1980 AHSME Problems/Problem 20

Problem

A box contains $2$ pennies, $4$ nickels, and $6$ dimes. Six coins are drawn without replacement, with each coin having an equal probability of being chosen. What is the probability that the value of coins drawn is at least $50$ cents?

$\text{(A)} \ \frac{37}{924} \qquad  \text{(B)} \ \frac{91}{924} \qquad  \text{(C)} \ \frac{127}{924} \qquad  \text{(D)}\ \frac{132}{924}\qquad \text{(E)}\ \text{none of these}$


Solution 1

We want the number of Successful Outcomes over the number of Total Outcomes. We want to calculate the total outcomes first. Since we have $12$ coins and we need to choose $6$, we have $\binom{12}{6}$ = $924$ Total outcomes. For our successful outcomes, we can have $(1) 1$ penny and $5$ dimes, $2$ nickels and $4$ dimes, $1$ nickel and $5$ dimes, or $6$ dimes.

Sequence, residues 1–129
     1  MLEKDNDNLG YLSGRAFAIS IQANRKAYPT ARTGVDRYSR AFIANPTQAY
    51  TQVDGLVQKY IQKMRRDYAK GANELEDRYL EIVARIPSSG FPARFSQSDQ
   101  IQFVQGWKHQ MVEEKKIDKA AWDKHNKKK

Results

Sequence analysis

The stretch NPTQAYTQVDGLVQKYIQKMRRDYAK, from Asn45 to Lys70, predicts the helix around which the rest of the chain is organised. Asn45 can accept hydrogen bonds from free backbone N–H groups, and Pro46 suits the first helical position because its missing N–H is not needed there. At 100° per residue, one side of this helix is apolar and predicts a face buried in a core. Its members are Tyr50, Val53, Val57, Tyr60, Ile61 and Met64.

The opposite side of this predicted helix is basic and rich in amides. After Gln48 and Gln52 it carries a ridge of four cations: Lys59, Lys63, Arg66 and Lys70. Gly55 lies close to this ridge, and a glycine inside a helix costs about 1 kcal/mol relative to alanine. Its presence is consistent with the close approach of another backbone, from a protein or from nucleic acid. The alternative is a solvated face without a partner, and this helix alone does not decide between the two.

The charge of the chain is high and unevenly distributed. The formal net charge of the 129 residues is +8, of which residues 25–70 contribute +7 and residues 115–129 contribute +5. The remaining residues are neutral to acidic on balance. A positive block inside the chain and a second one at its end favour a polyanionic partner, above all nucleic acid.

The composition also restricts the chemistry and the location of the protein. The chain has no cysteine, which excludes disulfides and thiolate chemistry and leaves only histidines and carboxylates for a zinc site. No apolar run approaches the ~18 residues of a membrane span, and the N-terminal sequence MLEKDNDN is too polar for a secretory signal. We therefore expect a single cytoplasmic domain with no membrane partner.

For the case of $1$ penny and $5$ dimes, there are $\binom{6}{5}$ ways to choose the dimes and $2$ ways to choose the pennies. That is $6 \cdot 2 = 12$ successful outcomes. For the case of $2$ nickels and $4$ dimes, we have $\binom{6}{4}$ ways to choose the dimes and $\binom{4}{2}$ ways to choose the nickels. We have $15 \cdot 6$ = $90$ successful outcomes. For the case of $1$ nickel and $5$ dimes, we have $\binom{4}{1} \cdot \binom{6}{5} = 24$. Lastly, we have $6$ dimes and $0$ nickels and $0$ pennies, so we only have one case. Therefore, we have $\dfrac {12 + 90 + 24 + 1}{924} =$\dfrac {127}{924} = \boxed{C}$

~Arcticturn

See also

1980 AHSME (ProblemsAnswer KeyResources)
Preceded by
Problem 19
Followed by
Problem 21
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